But, much news media and Congress (except for DNC Chair Debbie Wasserman-Schultz) have known about targeted killings for years. As Tara Kelvey and Josh Begley have noted, the New York Times has covered drones for years, even when they have ostentatiously skirted around the reasons for those killings. Similarly, the Brennan hearings were a perfect place for Congress to engage in, as Jeremy Scahill called it on Up with Chris this morning, “Kabuki oversight”—namely, the spectacle of watching senators like Dianne Feinstein and others to act as if they were overwhelmingly outraged by the non-responsiveness of the CIA, OLC, and WH to their repeated requests for an answer to the question of the rationale for targeted killing without oversight.

Why then are they suddenly exercised over it now? I’m puzzled by the fuss, given the way the sudden controversy is framed is shock and horror that a U.S. citizen might be fingered for death if they are suspected to be an “imminent” threat to America. So, suddenly—what—everyone cares that U.S. citizens Anwar and Abdulrahman Al-Awlaki , Samir Khan, and Kamal Derwish were killed?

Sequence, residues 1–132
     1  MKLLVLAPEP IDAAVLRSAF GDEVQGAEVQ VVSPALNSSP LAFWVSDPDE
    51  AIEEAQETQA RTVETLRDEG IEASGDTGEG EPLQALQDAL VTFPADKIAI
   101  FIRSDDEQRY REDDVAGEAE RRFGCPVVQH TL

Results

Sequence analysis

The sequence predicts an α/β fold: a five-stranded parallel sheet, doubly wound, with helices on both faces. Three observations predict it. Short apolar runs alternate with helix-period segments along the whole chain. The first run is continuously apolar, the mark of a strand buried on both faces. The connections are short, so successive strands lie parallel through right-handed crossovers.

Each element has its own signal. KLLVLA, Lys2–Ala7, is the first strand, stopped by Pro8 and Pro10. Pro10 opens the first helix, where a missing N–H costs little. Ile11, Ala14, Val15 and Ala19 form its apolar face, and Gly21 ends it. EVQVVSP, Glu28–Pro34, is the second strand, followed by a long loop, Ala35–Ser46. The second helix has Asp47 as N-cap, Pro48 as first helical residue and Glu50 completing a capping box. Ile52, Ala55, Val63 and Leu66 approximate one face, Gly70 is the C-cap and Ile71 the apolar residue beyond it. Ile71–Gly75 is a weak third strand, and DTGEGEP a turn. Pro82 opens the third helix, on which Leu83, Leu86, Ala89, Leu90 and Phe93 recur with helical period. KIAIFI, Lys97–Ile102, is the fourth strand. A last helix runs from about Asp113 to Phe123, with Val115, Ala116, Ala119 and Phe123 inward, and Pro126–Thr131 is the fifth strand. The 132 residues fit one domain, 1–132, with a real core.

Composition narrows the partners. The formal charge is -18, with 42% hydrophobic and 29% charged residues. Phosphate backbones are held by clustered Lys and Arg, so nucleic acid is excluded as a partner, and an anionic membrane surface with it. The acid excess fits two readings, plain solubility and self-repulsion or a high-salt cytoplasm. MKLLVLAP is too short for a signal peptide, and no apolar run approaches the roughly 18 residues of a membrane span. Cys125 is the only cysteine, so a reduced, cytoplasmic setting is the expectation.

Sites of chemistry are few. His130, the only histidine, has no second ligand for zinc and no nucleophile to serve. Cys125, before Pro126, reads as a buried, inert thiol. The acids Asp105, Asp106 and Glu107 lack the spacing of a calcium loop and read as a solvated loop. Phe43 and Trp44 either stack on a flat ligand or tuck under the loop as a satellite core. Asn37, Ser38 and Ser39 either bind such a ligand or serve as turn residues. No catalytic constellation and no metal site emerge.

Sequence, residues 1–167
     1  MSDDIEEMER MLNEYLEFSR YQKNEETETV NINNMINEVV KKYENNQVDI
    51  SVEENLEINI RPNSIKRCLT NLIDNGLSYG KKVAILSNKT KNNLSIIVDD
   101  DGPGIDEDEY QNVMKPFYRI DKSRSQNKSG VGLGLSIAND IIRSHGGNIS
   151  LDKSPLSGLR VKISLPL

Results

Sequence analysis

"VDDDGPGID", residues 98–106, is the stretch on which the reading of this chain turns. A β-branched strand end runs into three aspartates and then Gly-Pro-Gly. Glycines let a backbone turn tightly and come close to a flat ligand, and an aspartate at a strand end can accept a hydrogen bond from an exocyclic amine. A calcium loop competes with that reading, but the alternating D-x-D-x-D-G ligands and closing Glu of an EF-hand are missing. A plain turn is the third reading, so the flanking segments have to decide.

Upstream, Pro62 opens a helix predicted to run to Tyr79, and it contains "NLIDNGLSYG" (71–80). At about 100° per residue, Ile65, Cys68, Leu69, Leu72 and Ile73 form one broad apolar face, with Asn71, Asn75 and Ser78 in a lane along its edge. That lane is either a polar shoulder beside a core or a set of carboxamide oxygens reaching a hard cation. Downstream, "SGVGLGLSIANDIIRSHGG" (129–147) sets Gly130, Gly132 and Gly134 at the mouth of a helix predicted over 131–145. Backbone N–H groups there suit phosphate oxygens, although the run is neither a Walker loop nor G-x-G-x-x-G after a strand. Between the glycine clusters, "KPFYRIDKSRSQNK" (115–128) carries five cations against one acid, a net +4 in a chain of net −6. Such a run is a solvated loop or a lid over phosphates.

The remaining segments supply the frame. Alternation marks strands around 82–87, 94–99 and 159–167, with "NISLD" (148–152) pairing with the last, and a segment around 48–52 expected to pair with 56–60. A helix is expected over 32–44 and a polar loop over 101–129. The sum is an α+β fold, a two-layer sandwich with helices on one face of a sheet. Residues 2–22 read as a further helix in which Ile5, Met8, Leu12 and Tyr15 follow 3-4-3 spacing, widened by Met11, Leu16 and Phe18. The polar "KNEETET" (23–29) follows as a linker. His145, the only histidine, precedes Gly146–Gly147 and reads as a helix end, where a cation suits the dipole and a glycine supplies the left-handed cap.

Why weren’t our esteemed media and Congress that exercised about the provisions in NDAA 2012 that authorized POTUS to arrest and detain U.S. citizens (um…and foreign nationals) anywhere for posing an imminent threat?

After all, many more U.S. citizens are likely to be intercepted and indefinitely detained by the following NDAA 2012 provision (the one that Obama insisted be included on threat of veto. Remember?):

Subtitle D–Detainee Matters
    (a) In General- Congress affirms that the authority of the President to use all necessary and appropriate force pursuant to the Authorization for Use of Military Force (Public Law 107-40; 50 U.S.C. 1541 note) includes the authority for the Armed Forces of the United States to detain covered persons (as defined in subsection (b)) pending disposition under the law of war.